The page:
Photographing groups of people — families — is challenging. Invariably one person will blink or move. Kids can’t help but move. The trick is to be patient and catch them at the right moment. But often I’ll end up with the kids just right but with the adults are out-of-place usually trying to get the kids to smile.
I took these photos during Father’s Day. Bhavna’s aunt organised a fete to honour the fathers. I thought it might be interesting to take some pictures with the fathers and their kids and grandkids.
I used a Paul C. Buff AlienBees™ B800 Flash Unit inside an Extreme Silver PLM™ Umbrella covered with PLM™ White Front Diffusion Fabric. I positioned the light on a 10-foot General Purpose Light Stands about foot away and directly in front of the subjects but for some of the shots, I placed the light off to one side.
I used a Sekonic L-358 FlashMaster light meter to set the camera shutter speed based on the aperture I chose for these portraits. This is my first light meter, and I’m still getting the hang of things. The light meter certainly makes adjusting the camera settings and flash unit power much easier. I set my camera in manual mode set the light-meter to the D5100s fastest flash sync speed take a reading from near my subjects and voilà! I know what aperture setting to use on my camera for the shot.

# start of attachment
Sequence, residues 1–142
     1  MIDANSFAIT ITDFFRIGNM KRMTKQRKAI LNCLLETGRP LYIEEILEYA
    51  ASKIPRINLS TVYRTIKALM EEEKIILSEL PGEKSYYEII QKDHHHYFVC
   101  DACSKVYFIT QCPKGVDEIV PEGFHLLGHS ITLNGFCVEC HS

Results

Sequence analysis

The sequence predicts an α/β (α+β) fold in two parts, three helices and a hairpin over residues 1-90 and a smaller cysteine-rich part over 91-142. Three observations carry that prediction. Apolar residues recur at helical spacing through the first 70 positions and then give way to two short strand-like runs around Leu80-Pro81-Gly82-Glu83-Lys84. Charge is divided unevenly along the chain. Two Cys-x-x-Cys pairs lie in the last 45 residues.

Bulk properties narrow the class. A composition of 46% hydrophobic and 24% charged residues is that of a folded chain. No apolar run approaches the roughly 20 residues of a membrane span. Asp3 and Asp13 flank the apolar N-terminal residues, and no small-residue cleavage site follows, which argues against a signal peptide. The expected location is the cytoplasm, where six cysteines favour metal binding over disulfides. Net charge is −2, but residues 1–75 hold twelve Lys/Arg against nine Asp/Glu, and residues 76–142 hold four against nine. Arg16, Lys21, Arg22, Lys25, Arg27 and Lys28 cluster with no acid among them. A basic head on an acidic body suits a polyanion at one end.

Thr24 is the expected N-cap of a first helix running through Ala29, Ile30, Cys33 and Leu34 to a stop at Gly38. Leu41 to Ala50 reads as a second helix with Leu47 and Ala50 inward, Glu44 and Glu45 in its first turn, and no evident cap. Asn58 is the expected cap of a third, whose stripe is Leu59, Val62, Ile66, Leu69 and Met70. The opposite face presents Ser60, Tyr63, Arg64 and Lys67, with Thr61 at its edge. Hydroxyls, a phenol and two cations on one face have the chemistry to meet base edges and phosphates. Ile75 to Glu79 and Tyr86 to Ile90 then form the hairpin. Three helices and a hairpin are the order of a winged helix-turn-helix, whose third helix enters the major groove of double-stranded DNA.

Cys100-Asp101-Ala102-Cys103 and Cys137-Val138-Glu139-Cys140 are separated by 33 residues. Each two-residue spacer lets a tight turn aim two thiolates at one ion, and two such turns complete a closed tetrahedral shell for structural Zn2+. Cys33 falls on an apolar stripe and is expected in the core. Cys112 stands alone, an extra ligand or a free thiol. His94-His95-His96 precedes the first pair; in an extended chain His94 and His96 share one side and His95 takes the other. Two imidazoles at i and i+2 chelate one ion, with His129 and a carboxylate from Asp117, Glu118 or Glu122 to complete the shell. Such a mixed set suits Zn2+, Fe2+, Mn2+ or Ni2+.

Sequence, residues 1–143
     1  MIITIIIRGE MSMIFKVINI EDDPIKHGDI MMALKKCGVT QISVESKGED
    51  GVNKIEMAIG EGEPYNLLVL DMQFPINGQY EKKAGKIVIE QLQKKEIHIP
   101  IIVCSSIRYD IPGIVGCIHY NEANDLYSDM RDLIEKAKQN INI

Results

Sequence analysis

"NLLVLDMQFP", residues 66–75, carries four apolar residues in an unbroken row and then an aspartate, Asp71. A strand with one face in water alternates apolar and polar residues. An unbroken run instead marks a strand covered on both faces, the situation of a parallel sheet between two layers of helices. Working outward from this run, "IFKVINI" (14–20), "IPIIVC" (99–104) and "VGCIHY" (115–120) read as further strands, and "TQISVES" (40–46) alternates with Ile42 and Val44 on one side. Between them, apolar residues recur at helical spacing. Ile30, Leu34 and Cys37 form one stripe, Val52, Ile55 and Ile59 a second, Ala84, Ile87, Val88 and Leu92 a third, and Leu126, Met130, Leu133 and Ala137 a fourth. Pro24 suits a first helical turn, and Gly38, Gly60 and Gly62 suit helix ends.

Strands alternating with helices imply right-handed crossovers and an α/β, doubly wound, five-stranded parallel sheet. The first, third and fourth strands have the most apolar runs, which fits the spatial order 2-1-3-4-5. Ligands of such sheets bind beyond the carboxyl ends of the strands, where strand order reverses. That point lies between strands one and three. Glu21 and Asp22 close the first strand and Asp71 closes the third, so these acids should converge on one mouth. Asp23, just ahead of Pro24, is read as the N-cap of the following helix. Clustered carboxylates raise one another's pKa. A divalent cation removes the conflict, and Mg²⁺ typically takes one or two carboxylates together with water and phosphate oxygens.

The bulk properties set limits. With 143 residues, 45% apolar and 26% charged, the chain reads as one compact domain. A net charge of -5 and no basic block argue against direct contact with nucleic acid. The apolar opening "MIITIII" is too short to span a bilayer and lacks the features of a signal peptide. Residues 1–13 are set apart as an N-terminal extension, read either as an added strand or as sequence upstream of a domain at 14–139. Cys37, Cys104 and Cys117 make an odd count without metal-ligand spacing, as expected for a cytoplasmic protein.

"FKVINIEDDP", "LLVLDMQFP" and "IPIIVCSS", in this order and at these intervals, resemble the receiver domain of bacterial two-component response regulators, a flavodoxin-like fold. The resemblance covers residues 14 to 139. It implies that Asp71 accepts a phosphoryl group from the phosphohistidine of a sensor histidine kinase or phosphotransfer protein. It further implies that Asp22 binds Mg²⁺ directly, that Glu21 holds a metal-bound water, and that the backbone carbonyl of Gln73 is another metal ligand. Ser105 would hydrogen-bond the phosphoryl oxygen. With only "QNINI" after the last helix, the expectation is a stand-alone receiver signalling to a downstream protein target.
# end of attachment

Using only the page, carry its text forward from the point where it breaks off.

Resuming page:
I don’t have an extensive collection of lenses. For this shoot, I started with my AF-S Nikkor 50mm f/1.8G ( the images are in reverse chronological order ) with an aperture of f/8 but later changed to my 18-55mm at f/5.6 for the larger group shots. I sold the 50mm f/1.8 earlier this month. I didn’t use it much, and I think a lens with a longer focal lens will be more flattering for portraiture.
The D5100 has an APS-C sensor so the 50mm with the crop factor produces the same view as a 75mm on a 35mm full-frame sensor. I think 75mm is just to short for portraiture. I prefer prime lenses so I plan to buy a AF-S Nikkor 85mm f/1.8G soon. With the APS-C sensor, the 85mm will offer the same view as a 127mm on a 35mm full-frame sensor.
I started shooting in the late afternoon just before sunset. I had to adjust the power of the AB800s and adjust my camera settings accordingly. This light-meter made this process quick and painless, but I have a better understanding of the hard work a professional wedding photographer must have to do.